1 Timothy 1:3-4 (NIV)

3 As I urged you when I went into Macedonia, stay there in Ephesus so that you may command certain people not to teach false doctrines any longer 4 or to devote themselves to myths and endless genealogies. Such things promote controversial speculations rather than advancing God’s work—which is by faith.

I wonder if Paul knew, when he wrote this letter to Timothy, that people were taking items, such as his handkerchief, that had touched him and using them as a means to be healed? (Acts 19:12) I think he would have been appalled if he knew, but I don’t think he’d have been surprised. What I wonder though, is where is the line drawn between idolatry and faith? Were the people healed because the items touched Paul or by their belief in the holiness of Paul or their faith in God?

The Second Commandment states, “not [to] make for yourself an image in the form of anything in heaven above or on the earth beneath or in the waters below” (Exodus 20:4). For thousands of years, people made idols from the things around them to worship the other things around them such as the sun, moon, and stars. If the object of worship couldn’t be seen then an object was made that represented that thing and it was worshipped. It’s easier to believe in something when you can see it with your own eyes.

When the Israelites had sinned against God they were punished by poisonous snakes. When they had confessed their sin to Moses, God had Moses craft a bronze snake that would heal anyone who had been bitten by a snake when they looked at it (Numbers 21:4-9). God knew that the people didn’t have the faith to be healed by believing in Him alone, who they could not see, which is why He had Moses craft the bronze snake. However, this same bronze snake later became a false idol to the people that King Hezekiah destroys (2 Kings 18:4).

The story of the woman who had been bleeding for twelve years and couldn’t be healed by any doctors (Matthew 9:20-22) is one that shows great faith. The Gospels of Matthew, Mark, and Luke all tell this story and each concludes with Jesus’ declaration to the woman that it was “her faith” that healed her. However, when we read Matthew’s account it’s slightly different:

21 She said to herself, “If I only touch his cloak, I will be healed.”
22 Jesus turned and saw her. “Take heart, daughter,” he said, “your faith has healed you.” And the woman was healed at that moment. (Matthew 9:20-22 NIV)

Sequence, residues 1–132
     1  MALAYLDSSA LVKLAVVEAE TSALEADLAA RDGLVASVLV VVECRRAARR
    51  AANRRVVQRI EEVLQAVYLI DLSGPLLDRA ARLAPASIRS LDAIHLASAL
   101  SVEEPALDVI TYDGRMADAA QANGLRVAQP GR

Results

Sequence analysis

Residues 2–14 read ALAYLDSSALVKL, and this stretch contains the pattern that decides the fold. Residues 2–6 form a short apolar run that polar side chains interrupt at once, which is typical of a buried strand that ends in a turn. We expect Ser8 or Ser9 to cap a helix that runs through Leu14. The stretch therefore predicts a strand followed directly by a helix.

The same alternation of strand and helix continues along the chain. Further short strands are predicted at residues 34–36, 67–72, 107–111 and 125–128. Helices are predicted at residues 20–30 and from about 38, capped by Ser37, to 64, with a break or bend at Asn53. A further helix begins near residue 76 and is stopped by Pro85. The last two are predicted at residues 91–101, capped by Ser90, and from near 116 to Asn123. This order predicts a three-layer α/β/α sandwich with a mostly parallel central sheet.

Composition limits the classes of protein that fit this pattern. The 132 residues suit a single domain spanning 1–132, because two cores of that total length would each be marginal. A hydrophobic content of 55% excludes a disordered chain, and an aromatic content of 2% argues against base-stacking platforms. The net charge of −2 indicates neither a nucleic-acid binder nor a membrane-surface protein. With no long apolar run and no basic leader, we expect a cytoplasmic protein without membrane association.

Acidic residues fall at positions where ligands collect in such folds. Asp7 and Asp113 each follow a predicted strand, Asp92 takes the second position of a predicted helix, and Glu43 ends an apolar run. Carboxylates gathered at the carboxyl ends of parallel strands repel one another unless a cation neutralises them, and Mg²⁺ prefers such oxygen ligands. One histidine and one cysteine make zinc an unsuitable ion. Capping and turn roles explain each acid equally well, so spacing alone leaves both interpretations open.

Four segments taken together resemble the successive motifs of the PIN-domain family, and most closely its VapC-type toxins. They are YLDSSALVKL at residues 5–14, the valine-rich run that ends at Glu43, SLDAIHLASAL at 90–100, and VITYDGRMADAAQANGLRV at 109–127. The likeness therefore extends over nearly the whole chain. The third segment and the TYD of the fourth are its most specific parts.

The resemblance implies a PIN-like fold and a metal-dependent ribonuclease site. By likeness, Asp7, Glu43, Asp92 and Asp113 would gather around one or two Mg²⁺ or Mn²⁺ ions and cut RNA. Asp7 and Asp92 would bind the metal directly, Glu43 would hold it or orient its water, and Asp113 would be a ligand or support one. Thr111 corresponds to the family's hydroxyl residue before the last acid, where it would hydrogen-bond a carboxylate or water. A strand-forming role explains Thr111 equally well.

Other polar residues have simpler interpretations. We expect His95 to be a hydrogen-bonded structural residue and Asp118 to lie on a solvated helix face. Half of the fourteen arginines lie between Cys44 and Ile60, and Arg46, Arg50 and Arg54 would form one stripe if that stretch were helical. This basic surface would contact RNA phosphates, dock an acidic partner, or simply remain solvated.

The woman, in Matthew, was not healed when she touched the cloak. She was healed after she touched the cloak and when Jesus told her that her faith had healed her. In any case, the faith of the woman was not faith that the cloak, itself, could present any healing but that Jesus, the Son of God, could heal her.

In Acts 5:15 we see that “people brought the sick into the streets and laid them on beds and mats so that at least Peter’s shadow might fall on some of them as he passed by” (NIV). Let’s note that the text doesn’t say that anyone was healed by the shadow. I don’t believe that they were. What stands out here, though, is that the people recognized that Peter was an instrument of healing and thought he was also the source of the healing. Hence, their belief that his shadow could heal people. I don’t know if those people got healed. I know that they would have been healed if they had stopped Peter as he walked by and asked him for healing. We can see proof of that in Acts 5:16, “Crowds gathered also from the towns around Jerusalem, bringing their sick and those tormented by impure spirits, and all of them were healed” (NIV).

This is where we can so easily stumble as Believers. When we stop seeing God as the source of power and start seeing His instruments as the source. No one is going to applaud a guitar or a piano for producing beautiful music but we, too often, will credit a teacher of the Gospel as the “power” of God. When we look to determine the line between idolatry and faith I think the key to it is in the source. Whenever we look to anything else as the means to satisfy us and forgetting that it came from God, we are not relying on Him. This doesn’t mean you can’t enjoy a cold refreshing ice tea on a hot day or relax to beautiful music. God is our source for all things good. When we “seek first his kingdom and his righteousness” (Matthew 6:33 NIV) for all of our needs then we are living in faith in God.

Do you know God? He loves you. He wants you to know Him. He already knows you and He would rather die than not have you in His family. Jesus died for your sins and mine so that we could be free of guilt, be freed from death, and live eternally with Him.

Pray this prayer with me to accept the gift of salvation today:

Dear Lord Jesus, I know that I am a sinner, and I ask for Your forgiveness. I believe You died for my sins and rose from the dead. I turn from my sins and invite You to come into my heart and life. I want to trust and follow You as my Lord and Savior. Amen.

If you prayed that prayer then congratulations! You are on the first step of a brand new life. Allow me to be the first to welcome you to my family, the family of God. There are abundant resources available online for new Christians. You can visit here for more information on what to do next. You can also leave me a comment and I’ll do my best to help you on the next step of this incredible journey.